I'm sure someone could whittle that down to a handful of list comps...
    Iain
    Iain King, Jan 18, 2010
    #1
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  2. Iain King

    Iain King Guest

    On Jan 18, 12:41 pm, Iain King <> wrote:
    > On Jan 18, 10:21 am, superpollo <> wrote:
    >
    >
    >
    > > superpollo ha scritto:

    >
    > > > hi.

    >
    > > > what is the most pythonic way to substitute substrings?

    >
    > > > eg: i want to apply:

    >
    > > > foo --> bar
    > > > baz --> quux
    > > > quuux --> foo

    >
    > > > so that:

    >
    > > > fooxxxbazyyyquuux --> barxxxquuxyyyfoo

    >
    > > > bye

    >
    > > i explain better:

    >
    > > say the subs are:

    >
    > > quuux --> foo
    > > foo --> bar
    > > baz --> quux

    >
    > > then i cannot apply the subs in sequence (say, .replace() in a loop),
    > > otherwise:

    >
    > > fooxxxbazyyyquuux --> fooxxxbazyyyfoo --> barxxxbazyyybar -->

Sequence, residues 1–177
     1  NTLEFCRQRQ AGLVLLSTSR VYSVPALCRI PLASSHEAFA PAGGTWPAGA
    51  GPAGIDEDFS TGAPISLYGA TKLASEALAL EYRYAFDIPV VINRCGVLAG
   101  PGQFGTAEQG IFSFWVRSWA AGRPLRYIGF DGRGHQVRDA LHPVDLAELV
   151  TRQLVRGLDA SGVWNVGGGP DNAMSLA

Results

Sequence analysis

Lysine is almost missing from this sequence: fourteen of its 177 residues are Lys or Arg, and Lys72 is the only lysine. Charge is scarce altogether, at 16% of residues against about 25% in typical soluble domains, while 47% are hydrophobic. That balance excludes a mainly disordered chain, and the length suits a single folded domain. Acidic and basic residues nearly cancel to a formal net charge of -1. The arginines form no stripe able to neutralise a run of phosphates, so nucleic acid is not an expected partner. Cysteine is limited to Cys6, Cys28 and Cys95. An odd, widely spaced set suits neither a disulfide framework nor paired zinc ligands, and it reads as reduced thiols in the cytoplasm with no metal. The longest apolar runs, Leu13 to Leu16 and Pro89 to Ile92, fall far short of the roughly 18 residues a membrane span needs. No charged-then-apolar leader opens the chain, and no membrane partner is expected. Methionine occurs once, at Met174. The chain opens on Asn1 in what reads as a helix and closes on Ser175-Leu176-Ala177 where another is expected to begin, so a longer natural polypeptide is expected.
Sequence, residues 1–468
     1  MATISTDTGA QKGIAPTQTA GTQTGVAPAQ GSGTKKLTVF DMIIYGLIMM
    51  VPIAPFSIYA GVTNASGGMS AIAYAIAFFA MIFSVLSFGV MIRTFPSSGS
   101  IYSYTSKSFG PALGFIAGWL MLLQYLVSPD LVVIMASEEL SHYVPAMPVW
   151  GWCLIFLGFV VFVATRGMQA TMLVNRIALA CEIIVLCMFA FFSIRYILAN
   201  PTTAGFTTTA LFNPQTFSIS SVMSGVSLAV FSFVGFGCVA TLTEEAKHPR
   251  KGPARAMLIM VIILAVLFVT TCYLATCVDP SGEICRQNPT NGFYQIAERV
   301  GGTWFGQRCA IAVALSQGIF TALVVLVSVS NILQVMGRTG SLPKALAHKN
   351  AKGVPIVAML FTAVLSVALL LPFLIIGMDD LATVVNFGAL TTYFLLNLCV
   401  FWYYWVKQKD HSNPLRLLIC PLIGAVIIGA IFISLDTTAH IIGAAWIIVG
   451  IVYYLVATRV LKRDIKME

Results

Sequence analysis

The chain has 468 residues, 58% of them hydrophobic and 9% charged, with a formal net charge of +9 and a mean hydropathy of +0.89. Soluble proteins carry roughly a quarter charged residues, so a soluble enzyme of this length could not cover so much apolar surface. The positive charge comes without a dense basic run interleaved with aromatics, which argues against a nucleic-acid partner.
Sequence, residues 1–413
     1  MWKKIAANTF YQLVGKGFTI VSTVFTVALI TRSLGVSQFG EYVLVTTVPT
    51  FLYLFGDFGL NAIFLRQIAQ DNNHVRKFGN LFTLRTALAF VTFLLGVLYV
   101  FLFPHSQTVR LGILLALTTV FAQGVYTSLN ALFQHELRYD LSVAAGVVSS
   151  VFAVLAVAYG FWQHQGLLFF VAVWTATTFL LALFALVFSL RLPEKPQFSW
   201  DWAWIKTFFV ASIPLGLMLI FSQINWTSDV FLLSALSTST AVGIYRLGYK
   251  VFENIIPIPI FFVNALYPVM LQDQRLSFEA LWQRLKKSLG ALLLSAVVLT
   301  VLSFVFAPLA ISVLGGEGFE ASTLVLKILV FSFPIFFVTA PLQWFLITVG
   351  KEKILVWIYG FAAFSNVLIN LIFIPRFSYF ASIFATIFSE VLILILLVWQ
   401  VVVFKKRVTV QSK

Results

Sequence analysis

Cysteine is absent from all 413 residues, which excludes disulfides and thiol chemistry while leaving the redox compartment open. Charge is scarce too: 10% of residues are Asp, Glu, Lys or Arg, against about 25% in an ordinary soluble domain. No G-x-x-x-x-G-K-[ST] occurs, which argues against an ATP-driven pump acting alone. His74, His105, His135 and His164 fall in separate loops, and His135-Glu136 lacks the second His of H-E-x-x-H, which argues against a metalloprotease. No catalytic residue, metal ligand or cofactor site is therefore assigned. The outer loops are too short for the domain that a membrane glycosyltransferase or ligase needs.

> > barxxxquuxyyybar

    >
    > > not as intended...

    >
    > Not sure if it's the most pythonic, but I'd probably do it like this:
    >
    > def token_replace(string, subs):
    >         subs = dict(subs)
    >         tokens = {}
    >         for i, sub in enumerate(subs):
    >                 tokens[sub] = i
    >                 tokens = sub
    >         current = [string]
    >         for sub in subs:
    >                 new = []
    >                 for piece in current:
    >                         if type(piece) == str:
    >                                 chunks = piece.split(sub)
    >                                 new.append(chunks[0])